Kim and Kim are best friends and bounty hunters, traveling the galaxy in search of the next job. This fast-paced comic is equal parts queer friendship and non-stop action/adventure. There’s monsters, evil villains, complicated family relationships, and a lot of snark.
Mahou Josei Chimaka by kaiju
When Chimaka, who once lost a battle with her greatest foe and all but disappeared, learns her old enemy is on the prowl once again, she pairs up with her best friend Pippa to try to reawaken her old magic, and save the world in the process.
My Favorite Thing is Monsters by emil ferris
Written as the notebooks of ten-year-old Karen Reyes, living in 1960s Chicago with her mother and older brother, the story begins when Karen’s upstairs neighbor is murdered and Karen decides to solve the crime. But the book is about so much more than that, delving into history, politics, and the complexities of family. The art is truly spectacular and utterly unique.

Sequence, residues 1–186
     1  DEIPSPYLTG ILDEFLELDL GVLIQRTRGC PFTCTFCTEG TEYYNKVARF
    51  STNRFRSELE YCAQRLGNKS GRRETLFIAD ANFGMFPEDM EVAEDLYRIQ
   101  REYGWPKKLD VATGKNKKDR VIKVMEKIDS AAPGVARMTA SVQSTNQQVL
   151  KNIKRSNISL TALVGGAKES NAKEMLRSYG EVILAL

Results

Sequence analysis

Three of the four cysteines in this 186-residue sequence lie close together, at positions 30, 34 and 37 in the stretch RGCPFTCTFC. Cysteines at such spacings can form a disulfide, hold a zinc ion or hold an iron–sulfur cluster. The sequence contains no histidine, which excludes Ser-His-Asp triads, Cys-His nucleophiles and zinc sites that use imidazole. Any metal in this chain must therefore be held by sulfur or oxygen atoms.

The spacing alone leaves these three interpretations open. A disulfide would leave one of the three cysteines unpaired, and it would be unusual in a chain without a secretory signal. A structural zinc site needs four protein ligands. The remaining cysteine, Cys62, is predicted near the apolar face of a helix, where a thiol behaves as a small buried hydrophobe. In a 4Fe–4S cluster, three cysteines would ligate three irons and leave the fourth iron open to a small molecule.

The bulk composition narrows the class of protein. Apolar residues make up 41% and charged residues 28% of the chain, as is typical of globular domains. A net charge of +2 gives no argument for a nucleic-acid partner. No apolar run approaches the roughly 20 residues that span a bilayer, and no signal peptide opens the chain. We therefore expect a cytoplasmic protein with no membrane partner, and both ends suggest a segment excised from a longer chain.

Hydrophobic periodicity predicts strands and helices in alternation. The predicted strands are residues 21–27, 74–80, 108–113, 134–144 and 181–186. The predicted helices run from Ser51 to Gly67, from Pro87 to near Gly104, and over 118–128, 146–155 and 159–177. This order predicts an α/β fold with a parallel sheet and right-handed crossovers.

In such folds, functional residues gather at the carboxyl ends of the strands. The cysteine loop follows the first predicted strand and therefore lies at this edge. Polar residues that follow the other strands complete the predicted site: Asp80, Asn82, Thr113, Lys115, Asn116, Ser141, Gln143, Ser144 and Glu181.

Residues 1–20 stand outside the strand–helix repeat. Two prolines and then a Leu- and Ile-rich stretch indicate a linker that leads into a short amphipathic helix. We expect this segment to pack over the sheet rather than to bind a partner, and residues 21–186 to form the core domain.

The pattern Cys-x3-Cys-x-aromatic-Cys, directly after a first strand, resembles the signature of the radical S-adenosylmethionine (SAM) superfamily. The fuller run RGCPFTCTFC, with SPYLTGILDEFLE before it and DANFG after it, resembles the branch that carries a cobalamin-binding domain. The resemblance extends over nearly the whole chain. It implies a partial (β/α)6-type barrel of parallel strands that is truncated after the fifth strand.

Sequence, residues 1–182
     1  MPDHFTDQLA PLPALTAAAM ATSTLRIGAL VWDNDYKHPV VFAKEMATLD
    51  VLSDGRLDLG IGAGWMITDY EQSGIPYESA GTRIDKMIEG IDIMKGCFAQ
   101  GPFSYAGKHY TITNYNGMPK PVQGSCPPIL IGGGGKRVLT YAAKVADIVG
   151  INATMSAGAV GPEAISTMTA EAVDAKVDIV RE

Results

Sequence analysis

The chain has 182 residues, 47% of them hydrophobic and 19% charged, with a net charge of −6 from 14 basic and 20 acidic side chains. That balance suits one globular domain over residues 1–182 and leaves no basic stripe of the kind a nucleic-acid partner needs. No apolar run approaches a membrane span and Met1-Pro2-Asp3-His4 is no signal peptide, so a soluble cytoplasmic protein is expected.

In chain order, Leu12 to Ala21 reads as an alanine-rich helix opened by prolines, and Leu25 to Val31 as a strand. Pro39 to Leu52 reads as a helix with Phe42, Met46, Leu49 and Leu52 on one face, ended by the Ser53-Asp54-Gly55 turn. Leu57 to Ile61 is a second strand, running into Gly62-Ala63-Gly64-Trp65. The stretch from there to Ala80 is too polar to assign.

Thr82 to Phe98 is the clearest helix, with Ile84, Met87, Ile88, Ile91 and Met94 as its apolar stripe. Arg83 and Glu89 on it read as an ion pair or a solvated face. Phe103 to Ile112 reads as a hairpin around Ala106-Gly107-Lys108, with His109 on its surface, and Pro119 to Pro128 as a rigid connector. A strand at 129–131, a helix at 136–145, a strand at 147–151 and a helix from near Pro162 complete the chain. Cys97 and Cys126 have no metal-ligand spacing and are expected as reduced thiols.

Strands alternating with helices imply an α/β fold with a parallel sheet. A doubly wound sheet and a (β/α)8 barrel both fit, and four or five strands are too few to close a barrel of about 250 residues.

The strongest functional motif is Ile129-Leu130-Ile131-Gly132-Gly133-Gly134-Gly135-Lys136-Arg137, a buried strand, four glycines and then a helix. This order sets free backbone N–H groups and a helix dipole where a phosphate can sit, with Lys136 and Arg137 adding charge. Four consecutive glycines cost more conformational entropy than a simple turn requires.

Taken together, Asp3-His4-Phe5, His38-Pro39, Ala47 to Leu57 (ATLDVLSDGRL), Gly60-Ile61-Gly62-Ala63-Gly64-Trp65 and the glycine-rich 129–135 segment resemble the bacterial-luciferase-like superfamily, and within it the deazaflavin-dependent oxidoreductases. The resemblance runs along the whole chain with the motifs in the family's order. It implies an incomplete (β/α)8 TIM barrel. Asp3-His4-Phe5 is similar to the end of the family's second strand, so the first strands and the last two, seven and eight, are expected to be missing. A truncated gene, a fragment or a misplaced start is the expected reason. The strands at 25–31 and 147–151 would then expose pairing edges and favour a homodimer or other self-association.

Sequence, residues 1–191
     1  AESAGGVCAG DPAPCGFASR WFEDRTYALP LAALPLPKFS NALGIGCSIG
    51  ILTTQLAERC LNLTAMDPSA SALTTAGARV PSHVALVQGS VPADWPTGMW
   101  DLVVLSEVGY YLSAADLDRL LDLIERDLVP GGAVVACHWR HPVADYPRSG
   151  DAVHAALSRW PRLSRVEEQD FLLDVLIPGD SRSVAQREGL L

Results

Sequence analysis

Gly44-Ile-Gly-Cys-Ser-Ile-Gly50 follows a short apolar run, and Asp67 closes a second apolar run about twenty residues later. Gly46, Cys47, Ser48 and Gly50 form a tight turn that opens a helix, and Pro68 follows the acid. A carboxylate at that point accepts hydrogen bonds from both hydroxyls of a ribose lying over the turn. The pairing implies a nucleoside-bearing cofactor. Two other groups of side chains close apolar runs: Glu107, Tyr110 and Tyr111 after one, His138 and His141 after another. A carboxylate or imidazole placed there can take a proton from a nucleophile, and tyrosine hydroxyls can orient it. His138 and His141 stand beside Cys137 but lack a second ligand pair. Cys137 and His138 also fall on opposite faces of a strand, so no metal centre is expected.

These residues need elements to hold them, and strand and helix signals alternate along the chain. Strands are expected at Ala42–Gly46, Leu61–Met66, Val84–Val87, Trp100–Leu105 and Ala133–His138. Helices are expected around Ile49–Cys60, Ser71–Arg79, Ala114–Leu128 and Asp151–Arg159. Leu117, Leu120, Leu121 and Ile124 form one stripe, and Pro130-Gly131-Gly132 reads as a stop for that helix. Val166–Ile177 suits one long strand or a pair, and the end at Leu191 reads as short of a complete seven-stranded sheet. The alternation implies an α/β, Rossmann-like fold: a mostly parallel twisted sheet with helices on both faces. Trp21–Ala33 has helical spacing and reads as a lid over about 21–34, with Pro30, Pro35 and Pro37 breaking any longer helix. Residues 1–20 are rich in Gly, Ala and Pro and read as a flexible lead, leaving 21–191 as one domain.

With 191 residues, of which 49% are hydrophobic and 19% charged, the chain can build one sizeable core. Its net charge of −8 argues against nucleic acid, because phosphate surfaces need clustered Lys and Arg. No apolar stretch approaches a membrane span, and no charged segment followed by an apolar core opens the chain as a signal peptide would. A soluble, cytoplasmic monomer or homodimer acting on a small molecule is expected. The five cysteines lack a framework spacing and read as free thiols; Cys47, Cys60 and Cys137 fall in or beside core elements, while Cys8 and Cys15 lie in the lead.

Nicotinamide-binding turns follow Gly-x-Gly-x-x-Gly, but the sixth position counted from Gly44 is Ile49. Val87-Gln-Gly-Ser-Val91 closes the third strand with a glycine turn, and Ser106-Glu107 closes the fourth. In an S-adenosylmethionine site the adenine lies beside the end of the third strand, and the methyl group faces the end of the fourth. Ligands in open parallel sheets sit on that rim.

On A Sunbeam by tille walden
Set on a spaceship that travels the galaxy repairing antique structures, this beautiful book is an ode to queer family in space. The world-building is fascinating, the love story is tender and surprising, and I fell pretty hard for all the characters (mostly queer women).
the One Hundred Nights of Hero by isabel greenberg
In the Empire of Migdal Bavel, Cherry’s husband promises her to another man, Manfred, if he can seduce her in one hundred nights. But Cherry is in love with another woman, and so they decide to trick Manfred, distracting him by telling him a different story every night for one hundred nights. This gorgeous graphic novel tells those tales, as well as the love story between the two women who narrate them.
Princess Princess Ever After by katie o’neill